phenobarbital


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phenobarbital

 [fe″no-bahr´bĭ-tal]
a long-acting barbiturate used as the base or the sodium salt as an anticonvulsant, sedative, and hypnotic.

phe·no·bar·bi·tal

(fē'nō-bar'bi-tahl),
A long-acting oral or parenteral sedative, anticonvulsant, and hypnotic; also available as a soluble sodium salt; also used in therapeutic management of epilepsy and induction of hepatic microsomal enzymes.

phenobarbital

/phe·no·bar·bi·tal/ (fe″no-bahr´bĭ-tal) a long-acting barbiturate, used as the base or sodium salt as a sedative, hypnotic, and anticonvulsant.

phenobarbital

(fē′nō-bär′bĭ-tôl′, -tăl′)
n.
A long-acting barbiturate, C12H12N2O3, used medicinally as a sedative, hypnotic, and anticonvulsant, sometimes in the form of its sodium salt.

phenobarbital

[fē′nəbär′bital]
a barbiturate anticonvulsant and sedative-hypnotic. Also called sodium phenobarbital.
indications It is prescribed in the treatment of seizure disorders and as a long-acting sedative.
contraindications Porphyria, severe pain, respiratory problems, or known hypersensitivity to this drug or other barbiturates prohibits its use.
adverse effects Among the most serious adverse reactions are ataxia, porphyria, paradoxic excitement, drowsiness, occasional rashes, and, rarely, blood dyscrasias. It is involved in many drug interactions.

phenobarbital

Neurology A long-acting barbiturate used as a hypnotic, sedative, hepatic enzyme inducer, anticonvulsant, given as a monotherapy for partial seizures, 2º generalized seizures; also used to treat diarrhea and to ↑ the antitumor effect of other therapies. See Seizures, Therapeutic drug.

phe·no·bar·bi·tal

(Pb, PB) (fē'nō-bahr'bi-tahl)
A long-acting oral or parenteral sedative, anticonvulsant, and hypnotic.
Synonym(s): phenylethylbarbituric acid, phenylethylmalonylurea.

phe·no·bar·bi·tal

(fē'nō-bahr'bi-tahl)
A long-acting oral or parenteral sedative, anticonvulsant, and hypnotic.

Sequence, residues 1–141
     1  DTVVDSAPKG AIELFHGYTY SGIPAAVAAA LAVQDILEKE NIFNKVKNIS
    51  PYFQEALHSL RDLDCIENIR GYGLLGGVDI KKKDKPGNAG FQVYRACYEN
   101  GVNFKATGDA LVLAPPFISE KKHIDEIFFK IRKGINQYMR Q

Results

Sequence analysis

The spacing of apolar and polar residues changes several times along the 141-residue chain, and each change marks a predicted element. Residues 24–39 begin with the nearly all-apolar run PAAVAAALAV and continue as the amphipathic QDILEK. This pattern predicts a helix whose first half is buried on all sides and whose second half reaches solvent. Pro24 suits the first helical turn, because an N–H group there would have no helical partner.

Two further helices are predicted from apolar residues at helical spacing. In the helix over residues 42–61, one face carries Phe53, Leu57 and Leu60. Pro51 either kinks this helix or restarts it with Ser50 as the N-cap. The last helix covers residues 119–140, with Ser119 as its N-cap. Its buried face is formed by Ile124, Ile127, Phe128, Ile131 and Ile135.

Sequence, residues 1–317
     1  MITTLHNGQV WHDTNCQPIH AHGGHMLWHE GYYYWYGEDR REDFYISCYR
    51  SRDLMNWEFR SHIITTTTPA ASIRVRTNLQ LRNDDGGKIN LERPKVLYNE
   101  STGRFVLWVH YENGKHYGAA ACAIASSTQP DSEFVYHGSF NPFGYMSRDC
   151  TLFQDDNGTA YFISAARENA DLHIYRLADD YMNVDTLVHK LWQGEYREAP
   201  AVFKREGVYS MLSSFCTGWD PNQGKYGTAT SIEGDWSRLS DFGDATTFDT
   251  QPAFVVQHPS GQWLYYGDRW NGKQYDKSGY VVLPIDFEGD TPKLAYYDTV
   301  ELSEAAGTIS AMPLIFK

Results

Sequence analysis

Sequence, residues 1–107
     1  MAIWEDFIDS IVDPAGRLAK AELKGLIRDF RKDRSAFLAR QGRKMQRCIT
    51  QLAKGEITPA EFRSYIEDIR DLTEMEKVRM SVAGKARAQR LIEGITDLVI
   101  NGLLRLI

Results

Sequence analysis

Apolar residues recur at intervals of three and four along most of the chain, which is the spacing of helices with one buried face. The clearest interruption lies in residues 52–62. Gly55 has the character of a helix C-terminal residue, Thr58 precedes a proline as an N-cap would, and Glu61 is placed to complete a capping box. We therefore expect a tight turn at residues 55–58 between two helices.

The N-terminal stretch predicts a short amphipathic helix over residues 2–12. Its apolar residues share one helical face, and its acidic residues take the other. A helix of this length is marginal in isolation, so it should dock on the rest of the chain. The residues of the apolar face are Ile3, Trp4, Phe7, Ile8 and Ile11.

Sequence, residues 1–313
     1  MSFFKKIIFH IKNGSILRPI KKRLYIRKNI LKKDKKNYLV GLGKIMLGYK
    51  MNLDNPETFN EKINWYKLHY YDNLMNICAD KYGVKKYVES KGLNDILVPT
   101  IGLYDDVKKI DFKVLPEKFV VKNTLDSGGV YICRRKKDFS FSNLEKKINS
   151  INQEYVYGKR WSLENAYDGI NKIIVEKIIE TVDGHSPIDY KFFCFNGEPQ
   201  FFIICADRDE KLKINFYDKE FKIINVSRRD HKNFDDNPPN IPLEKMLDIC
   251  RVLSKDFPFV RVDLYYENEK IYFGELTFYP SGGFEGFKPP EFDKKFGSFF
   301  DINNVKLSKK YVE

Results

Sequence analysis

phenobarbital, phenobarbitone

a hypnotic, anticonvulsant and sedative.

Patient discussion about phenobarbital

Q. What are the Brands of Sodium-phenobarbitone drug in Bangladesh?

A. maybe this link will help-
http://www.medindia.net/doctors/drug_information/phenobarbitone.htm

if not- i recommend asking an Indian pharmacist..

More discussions about phenobarbital
References in periodicals archive ?
The pharmacokinetics of levetiracetam in healthy dogs concurrently receiving phenobarbital.
Different doses of Phenobarbital or extract with dose of 40 mg/kg administered to the animals by intraperitoneal 20 min before injection of picrotoxin (12mg/kg) n = 5.
The first publication describing our use of phenobarbital was a publication of the University of California Berkeley (Smith, Wesson & Lannon 1969).
11) Phenytoin, phenobarbital and rifampin induce all of the CYP enzymes and thus carry the potential of lowering the availability of various drugs metabolized by the system.
The anticancer efficacy of the apigenin against DEN induced and phenobarbital promoted liver cancer was evaluated in male Wistar albino rats.
Most pediatric neurologists carefully monitor such interactions by frequent measurement of the levels of medication in the bloodstream; nonetheless, antiepilepsy drugs (AEDs) such as phenobarbital and clonazepam can cause side effects including irritability, sleepiness, or difficulty maintaining sleep.
More importantly, Fraser's approach has been criticized for giving allowable limits that seem unreasonable for clinical use[14,15] Using his method, it has been determined that phenobarbital should have imprecision levels of 2.
APS) wrongfully discharged a man who took Phenobarbital and Dilantin for his epilepsy and refused to submit to a drug test as required under the company's mandatory drug and alcohol testing policy.
Instructions with their bodies indicated members mixed doses of the anti-seizure drug phenobarbital with pudding or applesauce and then drank vodka.
The director and nurse found out later that it was phenobarbital, an old seizure medication with a sedative effect.
A new study has shown a link between phenobarbital and the intelligence scores of men whose mothers took the drug during pregnancy.
Dilantin, phenobarbital, prednisone, and coumadin are examples of medications that, when withheld without tapering, have the potential to lead to serious consequences.